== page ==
I spent the best part of the week drawing a 6-pages comic to submit to the Stripburger open call. It’s a science-fiction story with much more ‘fiction’ than ‘science’ (for once) which I wrote a long time ago and it was really good to get out of my system. It features comets, an evil scientist and some kind of love… it’s a metaphor for how science, in its attempt to control the universe, sometimes forgets about human emotions. I hope you will be able to read it in print soon, in the meanwhile here is the cover:
I always wanted to experiment with webcomics and since I discovered the presentation software Prezi I thought it could be a good way to do it. This year I finally decided to give it a try and started working on a Prezi version of the famous T.S.Eliot poem: The Love Song of J. Alfred Prufrock (you can listen to the original, read by Eliot himself). This kind of adaptations are always dangerous but I preferred to work with an established text rather than my own story, in order to reduce the variables (as a scientist would say). In other words: if you don’t like it you can blame the technique – or my use of it – not the content. Also, I think that poems with their recursive structures and powerful images are very well suited to the format.
The result? Well, only you can judge (click on the picture to start the Prezi):
PS: my personal opinion is that Prezi needs a few major tweaks to become a real tool for cartoonist but it definitely has some potential.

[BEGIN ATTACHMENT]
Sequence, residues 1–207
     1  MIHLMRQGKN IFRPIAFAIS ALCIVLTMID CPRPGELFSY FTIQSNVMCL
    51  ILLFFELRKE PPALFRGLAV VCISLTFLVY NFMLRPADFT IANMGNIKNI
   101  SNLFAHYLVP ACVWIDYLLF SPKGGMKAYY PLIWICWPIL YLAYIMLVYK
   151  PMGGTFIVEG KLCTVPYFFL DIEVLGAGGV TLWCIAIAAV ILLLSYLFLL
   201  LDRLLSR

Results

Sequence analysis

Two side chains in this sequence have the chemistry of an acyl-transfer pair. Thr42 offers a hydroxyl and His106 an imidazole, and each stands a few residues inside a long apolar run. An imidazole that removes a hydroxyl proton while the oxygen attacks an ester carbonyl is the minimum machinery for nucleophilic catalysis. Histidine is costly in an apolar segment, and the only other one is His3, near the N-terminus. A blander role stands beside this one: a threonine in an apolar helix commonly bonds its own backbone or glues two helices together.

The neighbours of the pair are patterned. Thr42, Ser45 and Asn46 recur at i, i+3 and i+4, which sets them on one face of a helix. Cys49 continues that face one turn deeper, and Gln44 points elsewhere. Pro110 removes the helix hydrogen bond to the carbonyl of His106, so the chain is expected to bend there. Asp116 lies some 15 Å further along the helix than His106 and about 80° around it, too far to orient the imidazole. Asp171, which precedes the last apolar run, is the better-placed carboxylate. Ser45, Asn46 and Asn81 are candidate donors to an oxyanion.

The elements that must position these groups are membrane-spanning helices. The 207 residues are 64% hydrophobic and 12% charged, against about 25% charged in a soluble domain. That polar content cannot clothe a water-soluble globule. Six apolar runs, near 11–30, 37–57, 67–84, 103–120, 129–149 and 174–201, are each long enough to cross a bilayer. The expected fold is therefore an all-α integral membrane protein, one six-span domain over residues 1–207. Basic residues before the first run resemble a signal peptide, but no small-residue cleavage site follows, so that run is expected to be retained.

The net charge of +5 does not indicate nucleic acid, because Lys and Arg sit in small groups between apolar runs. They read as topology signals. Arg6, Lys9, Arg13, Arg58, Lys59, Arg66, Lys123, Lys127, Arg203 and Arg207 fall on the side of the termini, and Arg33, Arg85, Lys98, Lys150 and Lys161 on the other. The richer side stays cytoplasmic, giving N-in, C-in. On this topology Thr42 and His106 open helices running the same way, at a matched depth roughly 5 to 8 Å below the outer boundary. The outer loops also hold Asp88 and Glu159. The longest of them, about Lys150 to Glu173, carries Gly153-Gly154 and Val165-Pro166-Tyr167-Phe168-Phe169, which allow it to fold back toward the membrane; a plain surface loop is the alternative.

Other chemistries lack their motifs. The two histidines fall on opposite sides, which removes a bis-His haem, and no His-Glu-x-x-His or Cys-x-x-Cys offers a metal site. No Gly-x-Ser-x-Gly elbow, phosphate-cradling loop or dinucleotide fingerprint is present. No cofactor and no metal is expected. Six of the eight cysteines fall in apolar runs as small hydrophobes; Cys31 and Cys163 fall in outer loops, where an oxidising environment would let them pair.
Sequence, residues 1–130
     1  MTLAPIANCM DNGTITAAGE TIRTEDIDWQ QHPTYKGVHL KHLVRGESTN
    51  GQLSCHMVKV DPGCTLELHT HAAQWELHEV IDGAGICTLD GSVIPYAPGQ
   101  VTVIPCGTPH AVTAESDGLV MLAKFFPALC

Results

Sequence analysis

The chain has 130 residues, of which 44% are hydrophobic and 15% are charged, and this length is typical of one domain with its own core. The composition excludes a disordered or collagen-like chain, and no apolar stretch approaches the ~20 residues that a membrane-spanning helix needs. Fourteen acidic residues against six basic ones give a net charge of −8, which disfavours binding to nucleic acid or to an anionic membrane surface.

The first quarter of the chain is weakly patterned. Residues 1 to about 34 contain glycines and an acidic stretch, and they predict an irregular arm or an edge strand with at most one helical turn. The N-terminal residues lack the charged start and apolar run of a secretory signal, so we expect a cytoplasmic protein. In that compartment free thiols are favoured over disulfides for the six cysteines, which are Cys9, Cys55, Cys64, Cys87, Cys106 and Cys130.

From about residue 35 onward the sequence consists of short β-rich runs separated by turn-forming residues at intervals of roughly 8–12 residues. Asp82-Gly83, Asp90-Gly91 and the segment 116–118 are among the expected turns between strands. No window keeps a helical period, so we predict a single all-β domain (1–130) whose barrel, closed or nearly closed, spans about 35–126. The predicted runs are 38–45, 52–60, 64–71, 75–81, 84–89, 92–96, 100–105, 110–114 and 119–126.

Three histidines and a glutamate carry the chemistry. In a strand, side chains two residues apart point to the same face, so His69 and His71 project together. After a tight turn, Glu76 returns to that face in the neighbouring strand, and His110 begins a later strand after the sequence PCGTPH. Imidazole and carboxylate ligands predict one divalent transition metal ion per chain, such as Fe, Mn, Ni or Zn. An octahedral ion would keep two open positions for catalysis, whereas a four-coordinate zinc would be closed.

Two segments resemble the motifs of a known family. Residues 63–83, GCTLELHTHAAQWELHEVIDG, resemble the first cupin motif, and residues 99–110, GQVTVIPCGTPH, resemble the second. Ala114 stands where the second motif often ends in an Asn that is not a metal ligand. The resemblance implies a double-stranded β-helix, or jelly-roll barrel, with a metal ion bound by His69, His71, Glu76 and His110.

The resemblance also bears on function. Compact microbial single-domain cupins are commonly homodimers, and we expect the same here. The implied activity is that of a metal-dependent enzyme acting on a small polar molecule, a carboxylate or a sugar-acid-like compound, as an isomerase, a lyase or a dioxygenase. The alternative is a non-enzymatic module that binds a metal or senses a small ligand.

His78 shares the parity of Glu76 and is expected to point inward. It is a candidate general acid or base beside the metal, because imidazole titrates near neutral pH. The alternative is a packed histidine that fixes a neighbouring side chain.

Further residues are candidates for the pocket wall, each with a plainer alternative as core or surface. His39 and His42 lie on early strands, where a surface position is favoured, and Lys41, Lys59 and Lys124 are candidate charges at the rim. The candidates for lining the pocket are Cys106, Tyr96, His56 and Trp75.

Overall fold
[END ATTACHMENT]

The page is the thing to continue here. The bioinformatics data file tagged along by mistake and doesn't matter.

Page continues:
I have recently finished reading The Information: A History, a Theory, a Flood by James Gleick and I haven’t been so excited about a non-fiction book for a very long long time. More than 400 pages about the history of science may be off-putting at first glance but Gleick is simply a master. He carefully blends the history of the scientific discoveries with the personal life of the scientists and the society around them, until you truly appreciate the ambition (and sometimes the loneliness) of their visions.
I’m not in the business of writing reviews but I really wanted to recommend this book somehow, so I decided to draw an illustration inspired by the 4th chapter of the book. Here Gleick tells the story of Charles Babbage and his colossal Analytical Machine. This tragic character – definitely one of my favourites – somehow dreamt of a modern ‘computer’ in the midst of the industrial revolution. He spent most of his life trying to build one, with little support besides the passionate letters of Ada Byron, daughter of the famous poet and pretty badass lady herself: self-taught mathematician and basically the world’s first computer programmer.
I am seriously thinking about turning their story into a short comic…